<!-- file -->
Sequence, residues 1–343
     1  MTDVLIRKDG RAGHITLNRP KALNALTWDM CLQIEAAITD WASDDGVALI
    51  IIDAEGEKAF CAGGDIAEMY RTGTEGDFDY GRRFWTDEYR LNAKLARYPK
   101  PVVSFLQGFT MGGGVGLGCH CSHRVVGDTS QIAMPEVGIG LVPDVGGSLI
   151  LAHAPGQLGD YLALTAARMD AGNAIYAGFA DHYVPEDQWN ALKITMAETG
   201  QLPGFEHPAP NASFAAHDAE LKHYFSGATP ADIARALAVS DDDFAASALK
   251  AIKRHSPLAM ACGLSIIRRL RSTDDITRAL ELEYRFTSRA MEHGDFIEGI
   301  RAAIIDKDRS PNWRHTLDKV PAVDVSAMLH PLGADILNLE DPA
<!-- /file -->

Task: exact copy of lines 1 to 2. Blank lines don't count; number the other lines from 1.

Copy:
Sequence, residues 1–343
     1  MTDVLIRKDG RAGHITLNRP KALNALTWDM CLQIEAAITD WASDDGVALI